There are numerous 3D-printing processes available today for both prototyping and production applications, and so I was keen to find out Wiesner's views on the different processes available and which processes were best suited to which applications.
Wiesner explains, "I follow quite an elaborate decision tree when considering how to manufacture a part. The very first thing to keep in mind is that not everything can be 3D printed, and not everything that can be 3D printed should be 3D printed. It's important to know when to apply each a specific manufacturing method and when not to. Having said that, 3D-printing technology is steadily evolving, and ever more parts can be printed neatly, strongly, and economically."
"The main factors I base my manufacturing decisions on are strength, heat resistance, surface finish (including detail), and cost. Strength could be divided into impact strength, tensile strength, and more, but to keep it simple let's just ask whether this is a part that needs to be strong, heat resistant, and not brittle. A bracket that goes into the engine bay of a rally car needs to be very strong, heat resistant, and obviously cannot be brittle. This eliminates resin as a solution, because heat-resistant resins tend to be brittle and impact resistant resins can't handle heat. The remaining choice is between FDM and MultiJet fusion (MJF) and/or Selective Laser Sintering (SLS)."
"Now the shape becomes a factor. Could this part be printed strongly and neatly on an FDM machine? This is normally a cheaper option than MJF/SLS and yields a lighter end result. Unfortunately, unless a part was specifically designed for FDM printing, chances are good that it won't be neat and strong at the same time.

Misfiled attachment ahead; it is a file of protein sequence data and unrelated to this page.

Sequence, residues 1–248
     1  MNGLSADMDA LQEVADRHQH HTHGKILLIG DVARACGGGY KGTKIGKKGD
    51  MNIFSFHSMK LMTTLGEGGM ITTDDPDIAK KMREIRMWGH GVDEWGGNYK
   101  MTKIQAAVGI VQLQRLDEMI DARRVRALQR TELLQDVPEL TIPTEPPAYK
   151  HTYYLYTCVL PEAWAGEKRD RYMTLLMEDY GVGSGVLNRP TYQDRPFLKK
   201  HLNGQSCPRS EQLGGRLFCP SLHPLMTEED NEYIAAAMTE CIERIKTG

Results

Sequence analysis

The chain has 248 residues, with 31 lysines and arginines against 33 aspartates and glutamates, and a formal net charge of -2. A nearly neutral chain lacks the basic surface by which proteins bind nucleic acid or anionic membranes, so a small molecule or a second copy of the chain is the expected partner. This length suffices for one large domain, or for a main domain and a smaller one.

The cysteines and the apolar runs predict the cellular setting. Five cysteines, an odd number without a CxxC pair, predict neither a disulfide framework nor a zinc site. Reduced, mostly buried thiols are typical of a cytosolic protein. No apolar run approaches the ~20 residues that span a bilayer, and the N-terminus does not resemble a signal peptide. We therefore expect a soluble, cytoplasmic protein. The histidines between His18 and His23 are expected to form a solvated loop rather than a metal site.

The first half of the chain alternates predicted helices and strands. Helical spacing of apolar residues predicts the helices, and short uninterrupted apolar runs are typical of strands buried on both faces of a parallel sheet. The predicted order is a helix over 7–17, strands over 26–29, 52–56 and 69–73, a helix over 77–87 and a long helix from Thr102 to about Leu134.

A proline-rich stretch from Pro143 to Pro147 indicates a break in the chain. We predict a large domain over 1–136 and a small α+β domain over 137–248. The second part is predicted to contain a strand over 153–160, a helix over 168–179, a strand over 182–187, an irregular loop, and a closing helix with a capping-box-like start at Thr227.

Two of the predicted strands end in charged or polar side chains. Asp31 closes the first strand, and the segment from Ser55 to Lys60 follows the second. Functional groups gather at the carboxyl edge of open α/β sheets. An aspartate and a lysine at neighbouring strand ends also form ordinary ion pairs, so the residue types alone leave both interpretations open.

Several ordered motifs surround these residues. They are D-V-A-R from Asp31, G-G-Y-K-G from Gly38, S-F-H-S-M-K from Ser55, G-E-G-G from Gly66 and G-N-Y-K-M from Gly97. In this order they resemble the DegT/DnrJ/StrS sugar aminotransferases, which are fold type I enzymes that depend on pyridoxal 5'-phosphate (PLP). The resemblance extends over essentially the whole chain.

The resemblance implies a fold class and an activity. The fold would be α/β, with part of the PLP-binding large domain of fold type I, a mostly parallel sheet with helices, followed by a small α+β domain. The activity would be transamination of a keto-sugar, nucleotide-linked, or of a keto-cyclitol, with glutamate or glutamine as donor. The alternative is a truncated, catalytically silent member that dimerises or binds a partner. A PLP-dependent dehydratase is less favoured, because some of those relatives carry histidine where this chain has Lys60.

"FDM has three weaknesses. First, it easily breaks along layer lines. Second, it may require support structures to print, which results in rough-looking overhangs. Third, it's hard to overlook those amateur-looking layer lines. If none of this is a problem, then FDM is the way to go. However, I always first check what MJF/SLS would cost. Sometimes the price difference doesn't warrant the effort of FDM printing, and I end up using MJF/SLS anyway, enjoying the bonus of a professional-looking part which is stronger than FDM."
Electrical connector housings found in older Porsches. The originals tend to become brittle after decades of use, whereas the modern PA12 version won't suffer the same fate.
"If a part is customer facing (which includes mechanics, racing drivers, and bystanders peeking into engine bays), it becomes very hard to justify FDM unless the part geometry lends itself towards a neat and strong print at the same time. In many cases, it's worth the extra cost to have such a part MJF/SLS printed to get a strong and visually appealing end result. If the part has a logo or text on it, FDM becomes even less of an option. On the opposite end of the scale are cosmetic things like knobs, buttons, emblems, and items requiring high detail and smooth surfaces. These parts generally require not much strength, never see heat, and could therefore be printed using resin."
Wiesner adopts a pragmatic view of 3D printing and maintains that AM as a technology
doesn't magically replace all the old tools in the toolbox. Instead, it's an incredibly powerful new tool that complements the existing tools in ways never thought possible.